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N.K. Textile Mills Vs. Commissioner of Income-tax, Delhi - Court Judgment

LegalCrystal Citation
Subject Direct Taxation
CourtDelhi High Court
Decided On
Case NumberIncome-tax Reference No. 29 of 1977
Judge
Reported in(1984)43CTR(Del)343; [1985]152ITR594(Delhi)
ActsIncome Tax Act, 1961 - Sections 37 and 256(1)
AppellantN.K. Textile Mills
RespondentCommissioner of Income-tax, Delhi
Excerpt:
- - if the liability was contested, but unsuccessfully, the deduction could be made claimed by the assessed even by a revised return as held in kedarnath jute .s case [1971]82itr363(sc) .if the liability arose afterwards, and there was no earlier year to which it could be appropriated, because the income-tax cases were closed, then the assessed perforce had to make the entry and claim the deduction at the time the demand was raised, i......allowed as a deduction because it was appropriated to this particular year, i.e., the accounting year in question. in a similar manner, if the present assessed had not even made an entry but the amount of sales tax had been crystallised, a possible deduction might have been claimed in the return or in a revised return. we do not see any way in which the amounts could be appropriated to another year expect in a case where the demand was contested and could not be included in this particular year. 9. in chowringhee sales bureau p. ltd., v. cit : [1977]110itr385(cal) , the calcutta high court has also had an opportunity to examined the question whether deduction could be made on the mercantile system before the amount had been paid to the sales tax authorities and it has been held that in.....
Judgment:

Kapur, J.

1. The following question has been referred to us by the Income-tax Appellate Tribunal under s. 256(1) of the I.T. Act, 1961, for the assessment year 1967-68 :

'Whether, on the facts and in the circumstances of the case, the Tribunal was right that no deduction of Rs. 36,916 was permissible from the total income towards the possible sales tax which might be levied on the assessed subsequently ?'

2. It will at once become apparent that the answer to the question has to be in accordance with the facts and circumstances of the case which, in fact, change the meaning of the question. In case, the assessed was keeping accounts on a cash basis and the sales tax had not been quantified, the answer to the question would obviously have been that the Tribunal was right. So, before answering the question, it is necessary to note the actual facts of the case.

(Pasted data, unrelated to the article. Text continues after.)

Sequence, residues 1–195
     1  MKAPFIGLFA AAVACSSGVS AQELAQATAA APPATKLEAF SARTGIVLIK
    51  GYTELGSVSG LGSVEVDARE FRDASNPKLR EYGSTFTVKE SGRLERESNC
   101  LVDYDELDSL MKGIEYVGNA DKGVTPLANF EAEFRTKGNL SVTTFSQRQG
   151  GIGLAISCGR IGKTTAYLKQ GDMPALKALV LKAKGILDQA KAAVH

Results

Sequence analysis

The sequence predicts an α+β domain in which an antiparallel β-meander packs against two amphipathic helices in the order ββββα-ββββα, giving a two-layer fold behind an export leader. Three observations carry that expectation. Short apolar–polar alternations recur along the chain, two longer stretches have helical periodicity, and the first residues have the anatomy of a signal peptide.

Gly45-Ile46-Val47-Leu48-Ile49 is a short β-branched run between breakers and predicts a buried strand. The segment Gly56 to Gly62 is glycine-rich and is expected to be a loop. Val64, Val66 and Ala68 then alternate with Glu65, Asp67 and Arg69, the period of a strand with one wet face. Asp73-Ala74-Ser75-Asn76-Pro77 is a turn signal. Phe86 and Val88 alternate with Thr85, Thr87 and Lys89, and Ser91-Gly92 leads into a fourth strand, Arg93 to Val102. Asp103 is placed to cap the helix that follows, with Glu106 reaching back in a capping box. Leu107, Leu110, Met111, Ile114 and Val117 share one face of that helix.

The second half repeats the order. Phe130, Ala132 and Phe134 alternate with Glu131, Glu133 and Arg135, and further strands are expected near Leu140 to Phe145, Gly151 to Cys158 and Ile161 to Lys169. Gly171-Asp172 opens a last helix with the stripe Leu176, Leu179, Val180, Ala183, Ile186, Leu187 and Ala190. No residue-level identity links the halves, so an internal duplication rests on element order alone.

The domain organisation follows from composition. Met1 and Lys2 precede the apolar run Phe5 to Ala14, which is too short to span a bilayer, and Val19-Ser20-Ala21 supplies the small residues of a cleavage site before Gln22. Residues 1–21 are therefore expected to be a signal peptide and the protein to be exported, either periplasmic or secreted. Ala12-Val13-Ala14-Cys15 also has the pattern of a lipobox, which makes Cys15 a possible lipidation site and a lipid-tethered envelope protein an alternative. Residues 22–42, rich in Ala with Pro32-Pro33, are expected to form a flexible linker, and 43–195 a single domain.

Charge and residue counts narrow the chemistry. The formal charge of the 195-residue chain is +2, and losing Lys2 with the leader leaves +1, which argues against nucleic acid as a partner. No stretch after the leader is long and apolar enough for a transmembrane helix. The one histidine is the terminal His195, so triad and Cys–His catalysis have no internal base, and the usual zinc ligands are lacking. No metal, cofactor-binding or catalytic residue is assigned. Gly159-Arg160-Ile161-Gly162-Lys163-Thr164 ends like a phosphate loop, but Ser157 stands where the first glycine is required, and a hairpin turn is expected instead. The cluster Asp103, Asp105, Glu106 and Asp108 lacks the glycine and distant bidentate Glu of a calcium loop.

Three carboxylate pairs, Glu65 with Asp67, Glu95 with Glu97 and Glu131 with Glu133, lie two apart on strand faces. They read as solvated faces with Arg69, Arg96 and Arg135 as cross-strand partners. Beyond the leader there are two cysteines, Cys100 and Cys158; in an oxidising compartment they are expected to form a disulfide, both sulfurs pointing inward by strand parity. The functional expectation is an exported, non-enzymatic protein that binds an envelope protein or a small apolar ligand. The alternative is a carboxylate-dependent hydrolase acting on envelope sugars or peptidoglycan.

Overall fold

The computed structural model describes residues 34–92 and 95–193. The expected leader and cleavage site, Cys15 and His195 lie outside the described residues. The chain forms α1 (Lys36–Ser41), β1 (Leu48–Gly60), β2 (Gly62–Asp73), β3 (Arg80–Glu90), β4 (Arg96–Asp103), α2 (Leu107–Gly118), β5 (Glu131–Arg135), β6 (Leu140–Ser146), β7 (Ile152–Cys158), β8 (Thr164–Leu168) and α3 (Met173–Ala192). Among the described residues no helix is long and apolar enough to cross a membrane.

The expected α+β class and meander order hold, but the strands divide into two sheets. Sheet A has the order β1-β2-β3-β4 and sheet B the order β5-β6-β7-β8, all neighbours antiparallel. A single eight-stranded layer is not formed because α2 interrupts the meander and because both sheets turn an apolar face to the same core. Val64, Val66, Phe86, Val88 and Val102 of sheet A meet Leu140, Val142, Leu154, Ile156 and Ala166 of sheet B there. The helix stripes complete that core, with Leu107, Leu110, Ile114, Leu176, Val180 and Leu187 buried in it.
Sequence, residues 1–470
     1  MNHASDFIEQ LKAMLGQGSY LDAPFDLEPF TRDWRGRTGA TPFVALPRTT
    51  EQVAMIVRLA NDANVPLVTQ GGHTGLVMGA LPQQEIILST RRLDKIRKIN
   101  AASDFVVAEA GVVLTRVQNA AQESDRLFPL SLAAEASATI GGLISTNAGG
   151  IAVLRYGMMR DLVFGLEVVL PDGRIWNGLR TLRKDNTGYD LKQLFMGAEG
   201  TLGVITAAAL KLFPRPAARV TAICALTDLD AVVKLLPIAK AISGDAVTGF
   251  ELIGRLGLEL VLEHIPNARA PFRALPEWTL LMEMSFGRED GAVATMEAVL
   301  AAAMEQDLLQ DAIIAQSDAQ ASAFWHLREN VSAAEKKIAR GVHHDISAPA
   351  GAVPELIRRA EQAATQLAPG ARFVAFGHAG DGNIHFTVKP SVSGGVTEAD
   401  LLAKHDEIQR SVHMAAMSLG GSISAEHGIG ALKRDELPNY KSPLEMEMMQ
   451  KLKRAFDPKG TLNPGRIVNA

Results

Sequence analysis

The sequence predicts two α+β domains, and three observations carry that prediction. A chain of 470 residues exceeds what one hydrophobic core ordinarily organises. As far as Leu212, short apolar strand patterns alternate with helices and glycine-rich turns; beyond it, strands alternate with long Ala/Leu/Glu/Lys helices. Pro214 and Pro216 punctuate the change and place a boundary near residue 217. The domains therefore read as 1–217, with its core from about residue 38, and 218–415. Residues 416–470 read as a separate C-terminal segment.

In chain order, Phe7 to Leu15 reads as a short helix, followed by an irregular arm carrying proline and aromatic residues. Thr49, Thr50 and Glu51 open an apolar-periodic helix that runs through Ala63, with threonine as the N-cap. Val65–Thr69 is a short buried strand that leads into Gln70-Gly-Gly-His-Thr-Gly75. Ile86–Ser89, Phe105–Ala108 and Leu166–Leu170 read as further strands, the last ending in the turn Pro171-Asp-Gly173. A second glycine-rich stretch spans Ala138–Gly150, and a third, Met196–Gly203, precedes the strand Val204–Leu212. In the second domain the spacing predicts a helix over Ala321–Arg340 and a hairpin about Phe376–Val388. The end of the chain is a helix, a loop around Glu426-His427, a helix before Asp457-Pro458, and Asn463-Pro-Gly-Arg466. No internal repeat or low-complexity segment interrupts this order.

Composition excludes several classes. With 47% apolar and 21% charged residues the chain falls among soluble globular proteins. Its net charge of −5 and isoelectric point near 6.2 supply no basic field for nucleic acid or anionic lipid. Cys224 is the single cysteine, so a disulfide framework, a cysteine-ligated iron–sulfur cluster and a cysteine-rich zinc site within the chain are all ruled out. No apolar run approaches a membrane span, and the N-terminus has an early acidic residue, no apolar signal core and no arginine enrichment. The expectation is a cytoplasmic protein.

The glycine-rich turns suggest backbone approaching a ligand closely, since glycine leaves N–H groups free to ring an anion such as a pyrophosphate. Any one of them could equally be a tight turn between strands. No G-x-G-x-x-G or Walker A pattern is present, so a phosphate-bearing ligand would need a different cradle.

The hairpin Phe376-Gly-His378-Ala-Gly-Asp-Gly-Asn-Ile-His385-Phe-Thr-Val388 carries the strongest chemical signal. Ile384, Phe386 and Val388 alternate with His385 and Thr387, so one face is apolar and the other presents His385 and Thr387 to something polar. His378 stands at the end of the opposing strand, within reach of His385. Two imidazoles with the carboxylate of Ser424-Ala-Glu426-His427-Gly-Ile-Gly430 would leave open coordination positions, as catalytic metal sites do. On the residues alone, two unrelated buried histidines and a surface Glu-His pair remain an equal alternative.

3. The sales tax in question was payable under the U.P. Sales Tax Act. The assessment year being 1967-68, an amount of Rs. 36,916 had been provided by making entries in the account as sales tax payable for that year. No doubt, this sales tax had not been paid in fact to the authorities during the year but it was payable because the assessed was not contesting the fact that the amount was due.

4. The ITO disallowed the amount on the footing that the amount had not been paid. However, on appeal the AAC allowed the same in the light of the judgment of the Supreme Court in Kedarnath Jute Mfg. Co. Ltd., v. CIT : [1971]82ITR363(SC) . He also found that in two subsequent years 1968-69 and 1969-70, the ITO had not even added back the amount.

5. When the Department's appeal was heard by the Tribunal, it came to the conclusion that there were the observations in the judgments of the Supreme Court, viz., Chowringhee Sales Bureau P. Ltd. v. CIT : [1973]87ITR542(SC) and Sinclair Murray and Co. P. Ltd. v. CIT : [1974]97ITR615(SC) , to the effect that sales tax collections were trading receipts in the hands of the trader and could be deducted as and when paid to the Government. From this, the Tribunal deduced that the entry could only be made after a demand had been made by the sales tax authorities and the amount was actually paid to the State Government concerned.

6. The question as to when an entry is to be made under the mercantile system of accounting was not examined in the two judgments of the Supreme Court. Of course, it is observed that the deduction is to be allowed at the time the amounts is paid to the State Government. But, when the mercantile system of accounting is followed, an amount which is payable is shown as already paid an amount which is receivable is shown as already received. This is the feature of the mercantile system of accounting. Hence, the assessed while following the mercantile system would show the amount as the already paid though not paid, and in the case of receipts would show the same as having been received though not yet received. This system of accounting has the effect of appropriating the credits and debts to the right year even if the actual receipts and payments may be at a different point of time. There is nothing which the assessed did which appears to be inconsistent with these two judgments of the Supreme Court.